But what then? How to develop the theme, how to make a point of the obfuscating O'Neill kind? Can the pond make a helpful suggestion?

In emphasising attachment over neutrality, and emotionalism over objectivity, the new breed of attached reporter like C. W. Bean became more like an activist, an international campaigner, rather than a dispassionate recorder of fact and truth.

Oh okay as the wiki points out Bean's copy was inclined to be detailed, accurate and dull, and amen to that - the pond having spent too much time reading Bean - unlike the copy of some of his fellow correspondents who were inclined to rah rah populism. But at the same time as official war correspondent it served what was perceived to be the interests of Australia, and the empire. An international campaigner, so to speak, since dispassionate fact and truth only resided on one side in that conflict.

But here's the rub when pups like O'Neill get to writing about current reporting, as if he's just invented the wheel all over again: it's insufferable and it's also astonishingly naive and incredibly irritating. As if in the fog of war there's objectivity at work:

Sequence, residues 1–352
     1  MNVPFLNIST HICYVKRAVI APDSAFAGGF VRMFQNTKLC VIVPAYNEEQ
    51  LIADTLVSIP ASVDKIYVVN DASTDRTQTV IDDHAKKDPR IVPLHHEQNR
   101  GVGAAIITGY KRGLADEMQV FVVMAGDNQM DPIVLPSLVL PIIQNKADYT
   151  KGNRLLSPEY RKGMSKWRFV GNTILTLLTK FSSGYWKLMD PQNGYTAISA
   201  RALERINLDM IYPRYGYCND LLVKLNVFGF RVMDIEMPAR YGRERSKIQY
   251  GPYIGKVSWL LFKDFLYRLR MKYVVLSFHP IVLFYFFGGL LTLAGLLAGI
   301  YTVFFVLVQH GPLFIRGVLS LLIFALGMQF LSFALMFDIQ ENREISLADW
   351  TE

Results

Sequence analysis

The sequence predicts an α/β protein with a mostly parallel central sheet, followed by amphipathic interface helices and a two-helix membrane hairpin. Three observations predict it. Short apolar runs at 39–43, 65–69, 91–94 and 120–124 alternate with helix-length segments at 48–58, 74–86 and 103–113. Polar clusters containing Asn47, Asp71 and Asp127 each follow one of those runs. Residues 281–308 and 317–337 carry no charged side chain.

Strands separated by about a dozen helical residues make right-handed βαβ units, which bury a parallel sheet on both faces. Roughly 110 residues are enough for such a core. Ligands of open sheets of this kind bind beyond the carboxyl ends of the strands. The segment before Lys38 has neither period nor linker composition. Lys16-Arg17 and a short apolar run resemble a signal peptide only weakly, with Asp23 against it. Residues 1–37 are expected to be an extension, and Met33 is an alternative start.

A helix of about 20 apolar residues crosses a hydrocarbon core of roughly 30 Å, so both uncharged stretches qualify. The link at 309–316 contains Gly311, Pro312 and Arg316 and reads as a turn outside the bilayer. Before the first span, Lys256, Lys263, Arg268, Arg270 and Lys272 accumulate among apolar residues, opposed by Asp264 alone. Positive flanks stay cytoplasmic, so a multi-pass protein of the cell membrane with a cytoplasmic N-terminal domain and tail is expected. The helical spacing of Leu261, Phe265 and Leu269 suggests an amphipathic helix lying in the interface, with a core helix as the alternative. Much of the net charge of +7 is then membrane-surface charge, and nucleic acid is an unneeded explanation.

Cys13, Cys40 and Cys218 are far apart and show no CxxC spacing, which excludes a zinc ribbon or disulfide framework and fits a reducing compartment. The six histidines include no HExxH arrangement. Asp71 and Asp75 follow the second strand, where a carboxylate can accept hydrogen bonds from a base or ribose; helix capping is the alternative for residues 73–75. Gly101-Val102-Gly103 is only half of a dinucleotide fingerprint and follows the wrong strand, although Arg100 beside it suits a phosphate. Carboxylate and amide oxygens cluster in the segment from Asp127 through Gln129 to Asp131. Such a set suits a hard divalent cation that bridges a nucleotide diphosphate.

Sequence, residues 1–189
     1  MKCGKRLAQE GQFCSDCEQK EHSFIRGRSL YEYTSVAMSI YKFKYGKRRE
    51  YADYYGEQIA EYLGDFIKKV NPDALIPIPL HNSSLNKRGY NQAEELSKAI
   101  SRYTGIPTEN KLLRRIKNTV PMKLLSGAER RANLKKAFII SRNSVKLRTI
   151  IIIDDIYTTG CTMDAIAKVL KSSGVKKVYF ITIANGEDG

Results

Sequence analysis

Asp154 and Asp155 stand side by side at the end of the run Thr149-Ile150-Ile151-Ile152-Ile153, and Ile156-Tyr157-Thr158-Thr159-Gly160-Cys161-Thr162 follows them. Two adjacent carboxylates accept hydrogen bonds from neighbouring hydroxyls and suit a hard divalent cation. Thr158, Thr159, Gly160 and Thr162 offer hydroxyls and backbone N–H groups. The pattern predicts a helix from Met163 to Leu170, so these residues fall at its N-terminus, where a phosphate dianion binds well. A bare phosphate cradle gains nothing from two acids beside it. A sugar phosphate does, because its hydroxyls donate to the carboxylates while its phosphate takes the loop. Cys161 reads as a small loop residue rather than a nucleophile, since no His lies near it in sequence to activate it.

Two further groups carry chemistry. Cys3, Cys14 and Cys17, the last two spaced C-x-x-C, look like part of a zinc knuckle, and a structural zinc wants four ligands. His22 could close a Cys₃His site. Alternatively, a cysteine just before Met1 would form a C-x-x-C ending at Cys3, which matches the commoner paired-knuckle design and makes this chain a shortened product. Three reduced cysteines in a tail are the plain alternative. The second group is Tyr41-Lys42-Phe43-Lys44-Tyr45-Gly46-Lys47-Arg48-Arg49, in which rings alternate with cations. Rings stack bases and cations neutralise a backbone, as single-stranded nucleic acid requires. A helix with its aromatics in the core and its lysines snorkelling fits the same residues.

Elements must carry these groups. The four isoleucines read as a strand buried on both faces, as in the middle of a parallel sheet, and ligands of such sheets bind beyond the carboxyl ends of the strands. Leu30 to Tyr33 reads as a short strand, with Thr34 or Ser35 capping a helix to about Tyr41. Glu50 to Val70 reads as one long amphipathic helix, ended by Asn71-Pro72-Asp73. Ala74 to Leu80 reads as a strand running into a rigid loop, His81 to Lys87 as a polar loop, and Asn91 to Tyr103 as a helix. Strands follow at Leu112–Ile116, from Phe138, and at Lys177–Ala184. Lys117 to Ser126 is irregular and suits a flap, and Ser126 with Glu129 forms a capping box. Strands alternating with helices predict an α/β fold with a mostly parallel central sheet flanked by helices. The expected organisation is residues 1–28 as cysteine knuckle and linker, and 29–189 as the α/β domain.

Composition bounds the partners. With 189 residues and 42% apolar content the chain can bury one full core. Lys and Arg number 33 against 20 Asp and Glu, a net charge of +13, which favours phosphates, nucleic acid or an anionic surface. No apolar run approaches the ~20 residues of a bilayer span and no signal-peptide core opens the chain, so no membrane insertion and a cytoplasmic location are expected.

... some British journalists are uncomfortable with the idea of the journalism of attachment, believing that reporters who go looking for "good" and "evil" in foreign fields run the risk of overlooking complexities and political nuances, and of substituting morality tales for tough reporting.

Yes, Syria at the moment is just the place for overlooking the complexities and political nuances of a brave regime defending itself against terrorists. Thank the lord the current crop of Murdoch journalists never go looking for good or evil in foreign fields, especially Islamic fields. O'Neill himself is a dab hand at subtle nuanced complexity:

The miserabilist Malthusian mindset is now so deeply entrenched amongst the chattering classes that you can go on TV or radio and applaud the repression of women or call for the death of huge swathes of mankind, and nobody will even spill their Ovaltine. (here).

Just one of a zillion examples, with the chattering classes usually the subject of the nuance. But let's get back to the point: